Sunday, May 1, 2016

Octoberfest Prep: Or, That Darned Dirndle

Ever since I fixed the joints and slapped a shiney blond wig on Arita, my Soom Super Gem/Only Doll head hybred, I have been wanting to go all out on an Octoberfest set.

Why?  Well, the embroidery!  So for two months now, off and on, Hubby has been trying to get this sorted with the design program (while I threw in suggestions).  We left it alone for a few weeks, after the whole rent hike thing, and then decided to put every Saturday into it as a break from other worries.

What it was doing to him was refusing to sew the layers of color in the right order.  Having got that sorted finally (who ever wrote the instructions was insane, I have come to the conclusion) the leaf and vine bit kept stitching over and over up to six or seven times for ONE layer.  Solution, set each stitch one at a time. Then there was the distortion factor.  What looks good on screen is not always what you get depending on your fabric's weave.  I usually stitch out on a nice muslin, and the difference on quilting type cotton is not that much, but this was doing a number, turning all those round flowers into egg shapes.  Stitch length changes have to be done an mm at a time.  And sometimes you get stitches you do not want, no matter what, because the program says so.  And with the one program you can control jump lines, the lines between design that have to be cut, and with the other program you can't.  You have to decide which program is the one that isn't going to drive you the craziest.  One sucks power and crashes like a Mac on Photoshop, and one lets you at least listen to internet music without crashing, but sometimes the save does not take.  It's insane.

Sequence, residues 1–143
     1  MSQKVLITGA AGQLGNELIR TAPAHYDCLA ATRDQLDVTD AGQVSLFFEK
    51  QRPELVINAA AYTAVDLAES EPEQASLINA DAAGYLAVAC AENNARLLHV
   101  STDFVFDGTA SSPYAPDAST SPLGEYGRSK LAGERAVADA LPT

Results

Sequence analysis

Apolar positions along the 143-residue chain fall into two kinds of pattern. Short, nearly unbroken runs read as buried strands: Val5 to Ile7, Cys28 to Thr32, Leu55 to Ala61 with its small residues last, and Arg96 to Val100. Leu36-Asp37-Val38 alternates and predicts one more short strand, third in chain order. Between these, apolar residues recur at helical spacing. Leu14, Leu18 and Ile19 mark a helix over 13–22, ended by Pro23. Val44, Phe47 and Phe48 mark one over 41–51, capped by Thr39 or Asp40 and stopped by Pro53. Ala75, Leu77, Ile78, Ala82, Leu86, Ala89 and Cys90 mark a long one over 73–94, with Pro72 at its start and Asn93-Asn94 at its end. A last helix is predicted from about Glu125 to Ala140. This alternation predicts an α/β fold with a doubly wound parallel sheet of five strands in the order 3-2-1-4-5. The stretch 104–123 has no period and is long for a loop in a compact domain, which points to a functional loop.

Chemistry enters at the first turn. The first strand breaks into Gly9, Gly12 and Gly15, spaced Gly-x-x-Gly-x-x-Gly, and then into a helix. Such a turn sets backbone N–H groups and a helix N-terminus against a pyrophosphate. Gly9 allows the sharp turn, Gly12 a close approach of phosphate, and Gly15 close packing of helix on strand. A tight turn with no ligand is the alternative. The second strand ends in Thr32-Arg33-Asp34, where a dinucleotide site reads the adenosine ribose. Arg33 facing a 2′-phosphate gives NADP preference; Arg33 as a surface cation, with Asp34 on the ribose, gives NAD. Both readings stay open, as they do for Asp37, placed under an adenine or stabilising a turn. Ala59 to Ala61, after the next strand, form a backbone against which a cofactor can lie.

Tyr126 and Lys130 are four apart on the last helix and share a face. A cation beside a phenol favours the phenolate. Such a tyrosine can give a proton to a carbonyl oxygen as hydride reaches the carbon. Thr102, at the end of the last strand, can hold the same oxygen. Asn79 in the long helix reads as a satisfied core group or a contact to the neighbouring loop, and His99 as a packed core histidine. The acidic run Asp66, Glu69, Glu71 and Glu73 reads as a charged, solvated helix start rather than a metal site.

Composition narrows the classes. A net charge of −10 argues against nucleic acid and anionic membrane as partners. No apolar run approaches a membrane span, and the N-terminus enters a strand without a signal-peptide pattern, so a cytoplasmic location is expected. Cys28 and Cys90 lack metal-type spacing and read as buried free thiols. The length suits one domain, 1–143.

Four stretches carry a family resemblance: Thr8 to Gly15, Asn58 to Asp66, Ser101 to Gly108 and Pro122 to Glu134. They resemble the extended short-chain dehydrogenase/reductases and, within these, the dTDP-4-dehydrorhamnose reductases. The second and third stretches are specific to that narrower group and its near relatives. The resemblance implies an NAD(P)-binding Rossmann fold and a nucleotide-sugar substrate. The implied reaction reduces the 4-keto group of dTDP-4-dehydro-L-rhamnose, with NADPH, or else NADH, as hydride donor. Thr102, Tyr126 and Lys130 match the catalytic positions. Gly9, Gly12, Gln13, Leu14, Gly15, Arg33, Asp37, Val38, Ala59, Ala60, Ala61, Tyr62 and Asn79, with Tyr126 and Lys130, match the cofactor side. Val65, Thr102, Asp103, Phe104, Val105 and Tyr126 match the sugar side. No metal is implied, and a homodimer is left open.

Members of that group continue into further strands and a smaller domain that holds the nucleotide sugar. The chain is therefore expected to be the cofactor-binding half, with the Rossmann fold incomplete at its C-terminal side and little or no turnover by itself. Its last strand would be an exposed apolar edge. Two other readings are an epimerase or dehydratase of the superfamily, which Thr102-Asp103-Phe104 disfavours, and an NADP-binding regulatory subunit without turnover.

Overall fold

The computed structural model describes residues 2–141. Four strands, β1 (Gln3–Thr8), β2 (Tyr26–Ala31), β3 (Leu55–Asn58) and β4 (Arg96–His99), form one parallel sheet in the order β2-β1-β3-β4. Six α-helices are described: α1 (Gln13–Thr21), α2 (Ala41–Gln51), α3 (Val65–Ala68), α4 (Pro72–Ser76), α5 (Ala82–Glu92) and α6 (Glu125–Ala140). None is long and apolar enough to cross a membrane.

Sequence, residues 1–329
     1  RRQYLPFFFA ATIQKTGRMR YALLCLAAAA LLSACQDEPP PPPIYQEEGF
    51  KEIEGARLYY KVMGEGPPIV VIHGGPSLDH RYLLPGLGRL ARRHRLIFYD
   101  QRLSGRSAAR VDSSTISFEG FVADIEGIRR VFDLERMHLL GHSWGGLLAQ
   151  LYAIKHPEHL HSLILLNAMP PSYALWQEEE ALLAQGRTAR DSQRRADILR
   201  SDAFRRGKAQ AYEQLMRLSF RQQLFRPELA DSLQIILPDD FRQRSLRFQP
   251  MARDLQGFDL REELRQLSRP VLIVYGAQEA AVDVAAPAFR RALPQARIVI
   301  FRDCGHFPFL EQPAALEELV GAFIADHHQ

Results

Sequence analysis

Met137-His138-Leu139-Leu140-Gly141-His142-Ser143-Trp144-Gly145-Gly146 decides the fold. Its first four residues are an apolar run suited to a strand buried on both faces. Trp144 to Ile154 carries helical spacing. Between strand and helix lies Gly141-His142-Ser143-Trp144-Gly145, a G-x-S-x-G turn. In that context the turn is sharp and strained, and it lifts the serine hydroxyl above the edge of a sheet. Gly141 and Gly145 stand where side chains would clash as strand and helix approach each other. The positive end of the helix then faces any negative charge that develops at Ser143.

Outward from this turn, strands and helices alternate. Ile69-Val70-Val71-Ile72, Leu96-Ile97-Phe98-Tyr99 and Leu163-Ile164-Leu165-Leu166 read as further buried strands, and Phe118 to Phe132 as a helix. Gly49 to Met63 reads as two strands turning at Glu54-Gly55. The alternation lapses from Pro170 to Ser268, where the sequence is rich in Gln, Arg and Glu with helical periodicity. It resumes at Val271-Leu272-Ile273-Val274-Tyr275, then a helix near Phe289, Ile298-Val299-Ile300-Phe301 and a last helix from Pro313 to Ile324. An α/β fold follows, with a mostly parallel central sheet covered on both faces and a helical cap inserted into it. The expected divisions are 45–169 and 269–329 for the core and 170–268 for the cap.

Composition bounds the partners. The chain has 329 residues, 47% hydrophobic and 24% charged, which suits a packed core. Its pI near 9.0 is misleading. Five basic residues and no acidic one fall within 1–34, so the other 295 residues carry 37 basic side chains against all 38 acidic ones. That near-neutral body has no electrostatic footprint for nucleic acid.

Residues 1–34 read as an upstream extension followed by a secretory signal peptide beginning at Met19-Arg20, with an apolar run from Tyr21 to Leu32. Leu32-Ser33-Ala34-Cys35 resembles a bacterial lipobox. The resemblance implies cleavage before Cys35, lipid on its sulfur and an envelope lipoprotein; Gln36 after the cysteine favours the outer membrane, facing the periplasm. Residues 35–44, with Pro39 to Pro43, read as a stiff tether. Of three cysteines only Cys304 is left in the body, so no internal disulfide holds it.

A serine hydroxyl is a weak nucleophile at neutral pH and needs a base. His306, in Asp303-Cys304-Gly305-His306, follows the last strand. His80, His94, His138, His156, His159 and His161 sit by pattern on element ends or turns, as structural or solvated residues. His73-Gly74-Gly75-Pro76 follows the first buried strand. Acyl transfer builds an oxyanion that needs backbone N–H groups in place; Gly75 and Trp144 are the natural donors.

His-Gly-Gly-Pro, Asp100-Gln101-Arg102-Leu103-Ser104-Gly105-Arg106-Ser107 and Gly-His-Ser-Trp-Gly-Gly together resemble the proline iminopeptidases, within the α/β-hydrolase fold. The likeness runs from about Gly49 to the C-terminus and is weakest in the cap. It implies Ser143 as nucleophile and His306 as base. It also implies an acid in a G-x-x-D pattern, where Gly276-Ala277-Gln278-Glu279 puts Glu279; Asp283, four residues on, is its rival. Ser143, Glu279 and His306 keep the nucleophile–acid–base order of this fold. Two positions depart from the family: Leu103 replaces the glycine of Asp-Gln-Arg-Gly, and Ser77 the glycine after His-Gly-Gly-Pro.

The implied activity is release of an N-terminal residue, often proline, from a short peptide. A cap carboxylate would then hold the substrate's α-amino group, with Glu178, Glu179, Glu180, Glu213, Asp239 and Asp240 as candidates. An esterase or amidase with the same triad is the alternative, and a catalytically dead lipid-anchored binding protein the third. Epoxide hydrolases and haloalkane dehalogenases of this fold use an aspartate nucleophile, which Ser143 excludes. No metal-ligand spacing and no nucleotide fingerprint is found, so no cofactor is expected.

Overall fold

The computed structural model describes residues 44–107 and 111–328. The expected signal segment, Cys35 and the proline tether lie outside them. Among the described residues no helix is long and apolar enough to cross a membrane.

So here is a screen cap of a traditional skirt hemline design: rose, cornflowers, and edelweiss, in the actual design program.  You can right click and open in a new tab for a larger view on all the photos.


And what the resizer program (to tweak it to fit my machine's frame as well as edit other programs) does to the colors when you look in there.  Wilcom True Sizer shows you an almost virtual stitch out though I think hubby must have forgot to set the size of the thread, because my thread is usually thinner in the program.  You can see some of the jump lines on the 'blue' flowers.  



To save fancy thread for the real project, it gets stitched out with left over thread from a serger hem project I did and used embroidery thread in the same size I will be using.  All that little thread cutting is not time efficient right now.  The real project always gets de-jump threaded.  The finished design is to be stitched out at 2.75 inches, and repeated.


So now I just do a better job of lining the design up on the skirt fabric and stitch it out in the real colors.  Then I need to get the bodice of the dirndle patterned and decide what size and how many flowers to put on those pieces. I want to get everything, blouse, apron, dirndle, etc. cut out and in a ziplock bag before we hit the road so it will all be hand sewn.  I might make her the old fashioned black  and flower trimmed hat and a shawl to go with the outfit.  It's also traditional to wear silver jewelry with the outfit.

Some very good news, re the sewing.  I have been researching RV and Camping blogs and forums when I can't sleep (I have insomnia but yeah, lots more now..) and found out that a lot of people take their machines on the road.  Even industrial multi-thread machines don't suck that much power!  Most people just use a power inverter from their DC12 V battery plug in.  I checked and I have to make sure I get one that changes to 120, not 110 with a long cord that will go through to the back.  A heck of a lot of them that work for laptops and things are just 110, but the 120 are a bit more.  On the other hand, it is not the nearly 300 for the solar panel and power pack I had been thinking about.  We could put that money into getting the truck plug in fixed and maybe a dual battery set up (it puts in a smaller battery that does not get used unless you need it to start the vehicle.)  I have to ask the mechanic if he has done that before.  We know him as a long time neighbor and a tow driver, but have not gone to him for work yet. I do know he works on classic cars!  Anyway, it's rather a relief.  Once we get used to things and figure things out, I may be right back to work, apartment or not!


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